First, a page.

On July 13, 1577, the plague was declared definitively over and it
was decided that the city’s liberation from the terrible disease
should be celebrated on the third Sunday in July.
A more populist
aspect soon accompanied the religious aspect of the festivity, representing
liberating times after such sadness.
order to cross the Giudecca Canal and allow the procession to cross
over into the church, a mighty bridge of boats was built in the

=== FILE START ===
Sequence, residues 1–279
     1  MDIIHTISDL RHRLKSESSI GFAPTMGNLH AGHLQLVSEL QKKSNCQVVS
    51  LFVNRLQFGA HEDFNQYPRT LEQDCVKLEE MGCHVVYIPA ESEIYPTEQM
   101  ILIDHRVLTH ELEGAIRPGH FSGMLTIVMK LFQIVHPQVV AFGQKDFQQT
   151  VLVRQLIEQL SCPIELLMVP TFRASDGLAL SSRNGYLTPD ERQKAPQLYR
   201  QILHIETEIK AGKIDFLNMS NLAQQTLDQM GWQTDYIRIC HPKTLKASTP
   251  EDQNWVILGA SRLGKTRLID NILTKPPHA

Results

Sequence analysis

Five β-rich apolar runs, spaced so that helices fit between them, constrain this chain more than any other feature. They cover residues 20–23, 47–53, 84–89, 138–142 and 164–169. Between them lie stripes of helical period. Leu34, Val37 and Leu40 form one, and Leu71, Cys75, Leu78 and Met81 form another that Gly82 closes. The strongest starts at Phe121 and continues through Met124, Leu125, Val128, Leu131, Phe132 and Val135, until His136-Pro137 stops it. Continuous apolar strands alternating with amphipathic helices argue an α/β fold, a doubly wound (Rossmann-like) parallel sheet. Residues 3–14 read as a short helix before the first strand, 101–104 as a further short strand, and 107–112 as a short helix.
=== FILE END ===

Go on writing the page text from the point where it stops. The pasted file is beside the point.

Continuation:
festivity’s very first year and it is this element that still
characterises the celebrations today.
Voices could be heard from the bridge or the votive church of people
either walking or travelling in festively decorated boats. This
conferred the festivity with a more profane aspect, in which devotion
intermingled with fun and entertainment.
It was a night of wakefulness, the “famous” night,
which ended with the arrival of dawn.